Indy, Miami, Boston, and Charlotte: The Eastern Conference’s Forgotten Middle Class

Issac Baldizon/NBAE via Getty Images

It was the best of times, it was the worst of times, it was the age of wisdom, it was the age of tanking, it was a season of sunshine, it was a season of snowdrifts and slush, we had the playoffs before us, we plunged toward the lottery, we had Harden and Westbrook and Davis and Curry, and we had Hassan Whiteside, future second-round draft picks, and players stashed in Europe for the next couple of years.

While the Western Conference — with its constellation of glittering, Internet-breaking stars and gaudy win totals — has been monopolizing our increasingly taxed attention spans, you’d think the Eastern Conference was just a tale of two cities: There’s Cleveland and Atlanta, and then there’s everyone else. Aside from the two top teams, most of the ink seems to be spilled on the rebuilding project in Philadelphia. The Eastern Conference middle class has been lost in a fog.

Now things are beginning to take shape. None of the teams below is winning a title this year. And while that fact might make the goings-on less important, it makes them no less interesting, especially for those NBA fans whose thirst for the Association leads them to the less-beaten paths, to the ruined winter cityscapes of the Eastern Conference, where life is cheap and expectations are even cheaper.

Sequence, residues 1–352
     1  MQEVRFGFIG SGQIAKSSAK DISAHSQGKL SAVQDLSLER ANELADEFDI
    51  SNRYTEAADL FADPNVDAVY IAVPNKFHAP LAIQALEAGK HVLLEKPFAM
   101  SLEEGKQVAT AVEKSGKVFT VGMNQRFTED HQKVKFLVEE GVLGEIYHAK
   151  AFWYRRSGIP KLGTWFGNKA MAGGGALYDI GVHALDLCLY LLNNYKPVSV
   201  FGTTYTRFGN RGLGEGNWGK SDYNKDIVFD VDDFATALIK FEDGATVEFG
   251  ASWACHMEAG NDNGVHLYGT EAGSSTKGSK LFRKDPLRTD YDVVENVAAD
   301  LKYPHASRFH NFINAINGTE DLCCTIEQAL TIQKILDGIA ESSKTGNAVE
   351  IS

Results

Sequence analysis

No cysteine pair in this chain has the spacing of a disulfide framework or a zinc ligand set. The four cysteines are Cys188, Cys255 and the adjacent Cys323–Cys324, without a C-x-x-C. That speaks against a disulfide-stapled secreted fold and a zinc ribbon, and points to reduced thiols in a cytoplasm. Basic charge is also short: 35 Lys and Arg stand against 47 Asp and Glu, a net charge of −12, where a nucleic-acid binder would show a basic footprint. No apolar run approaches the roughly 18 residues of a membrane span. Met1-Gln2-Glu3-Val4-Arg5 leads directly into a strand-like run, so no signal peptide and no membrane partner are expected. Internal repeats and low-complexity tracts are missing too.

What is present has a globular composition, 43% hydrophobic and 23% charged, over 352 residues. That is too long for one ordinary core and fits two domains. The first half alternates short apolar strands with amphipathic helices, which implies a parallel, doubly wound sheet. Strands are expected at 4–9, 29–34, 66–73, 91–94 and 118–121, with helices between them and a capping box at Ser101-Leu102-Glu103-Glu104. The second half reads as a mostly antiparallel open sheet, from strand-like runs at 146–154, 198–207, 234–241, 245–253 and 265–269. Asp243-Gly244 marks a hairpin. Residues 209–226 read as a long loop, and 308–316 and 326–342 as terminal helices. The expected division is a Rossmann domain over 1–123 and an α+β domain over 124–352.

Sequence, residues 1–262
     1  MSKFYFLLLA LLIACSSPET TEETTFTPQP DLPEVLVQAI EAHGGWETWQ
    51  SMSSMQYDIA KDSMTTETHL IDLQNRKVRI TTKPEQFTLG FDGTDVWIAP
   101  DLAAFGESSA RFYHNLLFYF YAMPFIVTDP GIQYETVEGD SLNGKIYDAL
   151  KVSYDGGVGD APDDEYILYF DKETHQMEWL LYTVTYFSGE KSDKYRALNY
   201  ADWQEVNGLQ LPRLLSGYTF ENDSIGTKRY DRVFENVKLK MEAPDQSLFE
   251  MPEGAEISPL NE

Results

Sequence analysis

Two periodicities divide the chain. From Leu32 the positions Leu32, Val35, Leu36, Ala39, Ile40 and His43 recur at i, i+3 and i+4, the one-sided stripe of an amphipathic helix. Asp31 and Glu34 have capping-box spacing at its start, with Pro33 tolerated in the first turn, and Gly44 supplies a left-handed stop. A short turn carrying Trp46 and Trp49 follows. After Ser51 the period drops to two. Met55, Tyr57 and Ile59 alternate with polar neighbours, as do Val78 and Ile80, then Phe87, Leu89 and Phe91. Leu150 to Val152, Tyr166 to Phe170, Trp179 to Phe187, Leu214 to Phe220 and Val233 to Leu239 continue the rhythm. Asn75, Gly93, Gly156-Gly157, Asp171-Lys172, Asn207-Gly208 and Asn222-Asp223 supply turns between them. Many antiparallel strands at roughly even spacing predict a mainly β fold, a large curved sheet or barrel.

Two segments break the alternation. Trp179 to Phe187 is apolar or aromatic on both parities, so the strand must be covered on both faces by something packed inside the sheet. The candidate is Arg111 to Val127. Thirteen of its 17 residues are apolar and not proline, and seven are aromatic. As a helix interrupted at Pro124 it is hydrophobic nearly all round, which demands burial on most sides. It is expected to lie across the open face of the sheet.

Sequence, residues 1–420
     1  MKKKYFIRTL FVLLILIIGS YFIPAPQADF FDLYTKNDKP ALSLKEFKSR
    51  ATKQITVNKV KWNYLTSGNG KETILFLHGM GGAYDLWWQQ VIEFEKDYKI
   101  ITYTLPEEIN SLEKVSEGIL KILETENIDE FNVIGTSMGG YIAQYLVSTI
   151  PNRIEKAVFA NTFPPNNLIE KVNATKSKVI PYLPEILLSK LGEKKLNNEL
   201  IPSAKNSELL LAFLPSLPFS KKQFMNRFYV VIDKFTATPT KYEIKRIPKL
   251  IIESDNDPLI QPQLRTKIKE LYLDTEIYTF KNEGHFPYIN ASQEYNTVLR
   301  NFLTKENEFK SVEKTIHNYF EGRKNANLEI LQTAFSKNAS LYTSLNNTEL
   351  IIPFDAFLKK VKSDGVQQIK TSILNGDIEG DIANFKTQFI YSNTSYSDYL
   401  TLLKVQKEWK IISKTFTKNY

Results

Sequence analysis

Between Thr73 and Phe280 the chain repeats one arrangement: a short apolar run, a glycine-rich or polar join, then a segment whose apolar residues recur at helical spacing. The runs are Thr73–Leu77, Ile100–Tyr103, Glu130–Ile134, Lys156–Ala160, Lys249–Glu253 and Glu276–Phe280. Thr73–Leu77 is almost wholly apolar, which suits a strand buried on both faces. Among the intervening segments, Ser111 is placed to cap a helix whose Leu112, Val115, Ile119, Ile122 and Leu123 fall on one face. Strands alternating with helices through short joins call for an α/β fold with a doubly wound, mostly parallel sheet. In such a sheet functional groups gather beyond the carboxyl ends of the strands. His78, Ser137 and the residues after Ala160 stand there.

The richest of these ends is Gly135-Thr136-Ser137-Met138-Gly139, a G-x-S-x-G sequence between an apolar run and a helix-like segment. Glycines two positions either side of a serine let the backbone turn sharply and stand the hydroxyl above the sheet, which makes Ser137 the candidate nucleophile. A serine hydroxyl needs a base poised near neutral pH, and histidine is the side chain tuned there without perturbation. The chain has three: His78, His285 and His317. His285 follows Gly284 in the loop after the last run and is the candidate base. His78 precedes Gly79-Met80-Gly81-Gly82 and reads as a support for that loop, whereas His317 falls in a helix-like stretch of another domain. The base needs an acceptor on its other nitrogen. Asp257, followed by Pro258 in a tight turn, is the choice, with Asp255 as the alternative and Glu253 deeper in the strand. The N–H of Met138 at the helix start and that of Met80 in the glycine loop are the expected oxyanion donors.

These may be the teams that time forgot, but the Pacers, Celtics, Heat, and Hornets still have a chance to affect the postseason.

Indiana Pacers

Orlando Magic v Indiana PacersRon Hoskins/NBAE via Getty Images

Nobody wants to see the Pacers in the playoffs, especially the teams they might play.

What a difference a season makes in the cradle of basketball. This time last season, the Pacers were 49-17, falling backward into a top-seeded, 56-win season. The atmosphere surrounding the team was … well, put it this way: Anytime the popular theory for why a team is struggling is “intra-team adultery,” you know you’ve got a collapse on your hands. Roy Hibbert’s game and reputation had disintegrated like camping toilet paper. Frank Vogel stalked the sideline like a man presiding over the death of a loved one. Lance Stephenson blew in LeBron’s ear. That last thing happened later, but you get the drift.

Now, the Pacers are 30-35 and improbably one of the league’s brightest success stories. Go figure. It’s all about your frame of reference. If you start one season as a possible title contender whose starting five is taking bona fide Swag Champ™ photos, going 16-14 after the All-Star break is definitely cause for whipping out the pH meter to gauge just how much of Evan Turner’s urine had seeped into the team’s chemistry.

This season started under the shadow of Stephenson’s free-agency exit and Paul George’s gruesome leg injury. In that context, the Pacers winning 15 of their last 20 games — and likely slotting somewhere in the 6-through-8-seed range in the postseason  — is nothing short of a miracle.